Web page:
Brand safety is more important to advertisers than ever before, and damage to brand reputation has been identified as the number one risk for businesses across the globe. In this piece, Giovanni Strocchi, CEO, ADmantX, discusses how brands can move beyond blacklists and whitelists and take greater control of brand safety.
As programmatic has automated the digital advertising ecosystem, the need for brand safety measures has grown as marketers try to ensure their ads appear alongside appropriate content rather than anything that might harm their reputation. Marketers using programmatic advertising rely on automated filtering techniques, such as blacklists and whitelists to determine whether their ads can appear on specific websites. Many brands believe that these automatic filtering techniques are a surefire way of guaranteeing brand safety; but whitelists and blacklists have certain limitations.
A whitelist is a predefined list of websites that are marked trustworthy or appropriate and have been determined to reach a brand’s target audience. However, by only advertising on websites included on a whitelist, brands may be missing valuable opportunities on other websites that haven’t been assessed, therefore restricting the reach of a creative campaign. This blanket approach to pre-approving websites can also miss specific pages or sections of content that may be unsuitable for particular ads or campaigns.
Conversely, a blacklist is a predefined list of sites that are marked untrustworthy or inappropriate at the beginning of a campaign. While this basic safety parameter may help marketers avoid advertising on sites with obviously unsuitable content; overzealous blacklisting may also preclude advertising on sites that do have relevant content and audiences, limiting potential impressions.
So, do brands need to move beyond blacklists and whitelists to ensure safe and contextually relevant ad placements and allow programmatic to reach its full potential?
Rather than relying on techniques that pre-approve or exclude entire websites, brands can use page-level analysis to determine whether the content of individual web pages is suitable and contextually relevant, eventually making whitelists and blacklists redundant.
Intelligent brand safety uses semantic targeting technology to give marketers a page-level understanding of the content and context of a web page, allowing them to determine its suitability for advertising. This builds upon basic brand safety measures – protecting against standard objectionable content such as pornography and violence – to allow brands to target ad placements away from negative content regarding the specific vertical sector or the brand itself. Continuous page monitoring identifies questionable and inappropriate web content throughout a campaign, avoiding harmful placements and maximising brand protection.
Semantic technology combined with Natural Language Processing (NLP) is a key part of advanced contextual targeting and intelligent brand safety, and has been developed to identify subtle nuances in human speech and determine the true meaning of sentences – reading content just like consumers do. It is used to analyse the text on a page at a deeper level to identify the correct definition of ambiguous words and comprehend the sentiments expressed. Consider placing an ad that promotes the latest brand of apple juice alongside an article that announces the latest Apple iPhone launch – a prime example of an irrelevant ad placement based upon a keyword search that offers no return or brand uplift.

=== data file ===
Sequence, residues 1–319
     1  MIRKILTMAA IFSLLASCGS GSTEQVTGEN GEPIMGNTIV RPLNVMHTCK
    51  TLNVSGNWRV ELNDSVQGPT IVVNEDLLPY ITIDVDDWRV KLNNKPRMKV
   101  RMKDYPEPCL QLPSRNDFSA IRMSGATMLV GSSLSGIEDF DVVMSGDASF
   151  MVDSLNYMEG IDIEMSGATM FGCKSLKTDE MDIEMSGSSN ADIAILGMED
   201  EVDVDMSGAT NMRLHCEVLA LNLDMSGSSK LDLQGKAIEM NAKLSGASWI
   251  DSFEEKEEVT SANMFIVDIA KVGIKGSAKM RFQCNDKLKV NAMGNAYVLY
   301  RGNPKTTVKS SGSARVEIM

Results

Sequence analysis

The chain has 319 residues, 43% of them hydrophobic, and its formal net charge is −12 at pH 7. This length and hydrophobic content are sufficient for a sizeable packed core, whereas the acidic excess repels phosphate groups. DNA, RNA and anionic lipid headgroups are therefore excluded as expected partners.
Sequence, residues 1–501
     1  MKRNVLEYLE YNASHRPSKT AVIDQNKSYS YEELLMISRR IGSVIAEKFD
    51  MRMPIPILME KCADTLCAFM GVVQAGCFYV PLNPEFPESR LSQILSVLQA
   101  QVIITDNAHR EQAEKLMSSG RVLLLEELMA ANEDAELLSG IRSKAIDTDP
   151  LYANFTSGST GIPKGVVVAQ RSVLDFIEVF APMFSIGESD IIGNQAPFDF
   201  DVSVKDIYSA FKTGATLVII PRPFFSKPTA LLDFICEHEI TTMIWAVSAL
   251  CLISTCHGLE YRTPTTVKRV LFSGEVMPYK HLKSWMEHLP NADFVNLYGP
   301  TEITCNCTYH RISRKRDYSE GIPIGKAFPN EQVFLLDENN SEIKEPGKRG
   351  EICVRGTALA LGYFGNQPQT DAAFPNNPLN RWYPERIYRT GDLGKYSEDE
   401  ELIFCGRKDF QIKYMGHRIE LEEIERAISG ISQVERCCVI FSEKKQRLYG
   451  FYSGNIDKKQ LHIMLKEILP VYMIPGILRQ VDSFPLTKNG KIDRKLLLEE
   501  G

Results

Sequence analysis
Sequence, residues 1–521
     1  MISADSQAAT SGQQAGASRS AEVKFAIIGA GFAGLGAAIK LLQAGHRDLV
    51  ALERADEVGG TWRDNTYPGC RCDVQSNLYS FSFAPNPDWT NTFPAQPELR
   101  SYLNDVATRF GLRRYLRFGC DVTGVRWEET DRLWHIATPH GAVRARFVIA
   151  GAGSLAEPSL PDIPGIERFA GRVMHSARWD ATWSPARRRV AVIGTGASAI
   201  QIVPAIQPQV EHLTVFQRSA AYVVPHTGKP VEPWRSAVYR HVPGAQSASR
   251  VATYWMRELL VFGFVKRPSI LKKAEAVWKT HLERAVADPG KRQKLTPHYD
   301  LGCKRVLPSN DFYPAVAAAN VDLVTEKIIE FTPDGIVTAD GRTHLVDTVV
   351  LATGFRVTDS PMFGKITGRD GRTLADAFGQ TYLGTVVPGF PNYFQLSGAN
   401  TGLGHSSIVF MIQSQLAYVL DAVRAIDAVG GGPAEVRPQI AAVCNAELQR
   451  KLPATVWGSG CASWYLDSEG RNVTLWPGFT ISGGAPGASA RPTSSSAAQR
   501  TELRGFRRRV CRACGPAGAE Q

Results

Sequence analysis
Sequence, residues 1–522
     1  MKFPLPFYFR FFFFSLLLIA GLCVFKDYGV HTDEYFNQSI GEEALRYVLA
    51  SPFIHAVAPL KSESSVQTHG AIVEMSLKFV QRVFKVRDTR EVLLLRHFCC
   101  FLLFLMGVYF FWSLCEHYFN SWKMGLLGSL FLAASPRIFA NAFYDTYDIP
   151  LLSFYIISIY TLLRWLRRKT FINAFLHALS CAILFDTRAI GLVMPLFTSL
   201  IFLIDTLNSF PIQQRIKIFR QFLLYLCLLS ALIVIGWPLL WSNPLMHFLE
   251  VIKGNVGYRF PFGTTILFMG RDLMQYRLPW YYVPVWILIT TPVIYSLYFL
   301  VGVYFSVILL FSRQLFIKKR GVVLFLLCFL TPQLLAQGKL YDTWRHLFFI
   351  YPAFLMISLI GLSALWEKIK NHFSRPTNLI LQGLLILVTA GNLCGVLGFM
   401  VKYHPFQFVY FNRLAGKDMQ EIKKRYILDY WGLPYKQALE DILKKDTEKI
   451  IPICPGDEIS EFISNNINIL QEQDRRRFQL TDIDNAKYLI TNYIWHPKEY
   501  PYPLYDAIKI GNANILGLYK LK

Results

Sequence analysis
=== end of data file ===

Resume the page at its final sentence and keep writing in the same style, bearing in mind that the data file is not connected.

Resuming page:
The ability to understand the meaning of words in context has numerous benefits for brands; which includes avoiding placing ads on pages that express negative sentiments towards the brand itself or the industry in which it operates – a common problem when brand or industry specific keywords are used for ad targeting. For example, placing an ad for a holiday company alongside content relating to a fatal aeroplane accident, or a famous soft drink brand advertising in an article on growing obesity and diabetes population problems would cause negative consumer sentiment towards the brand.
Rather than using keywords, NLP uses multiple channels of data at page level, including vertical categories, emotions, buyer intentions, and entities such as people, places, and things, to allow complete understanding and hyper-targeting of highly specific segments.
As well as ensuring that content is safe and relevant for a specific campaign, brands can go one step further and use emotional and sentiment targeting to delve deeper into the context of the page. This understanding can determine the underlying emotional reaction that the content evokes, and discover the consumer’s frame of mind at the time of reading, to make sure this is in line with the response required by the brand when faced with the targeted ad.
Semantics enable marketers to maintain brand safety and relevancy at a much more granular level, avoiding the risks of poor placements while targeting ads for optimum performance at page level. Brands are able to target limitless new segments without the restrictions and limitations of automatic filtering techniques such as blacklists and whitelists.
Blacklists and whitelists no longer offer brands the best guarantee of brand safety, and can restrict campaign reach, limiting access to potentially valuable impressions. Advanced semantic technology is the future of ad targeting, ensuring ads are placed alongside content that is not only brand safe, but also aligns with key campaign goals in terms of context and emotional response.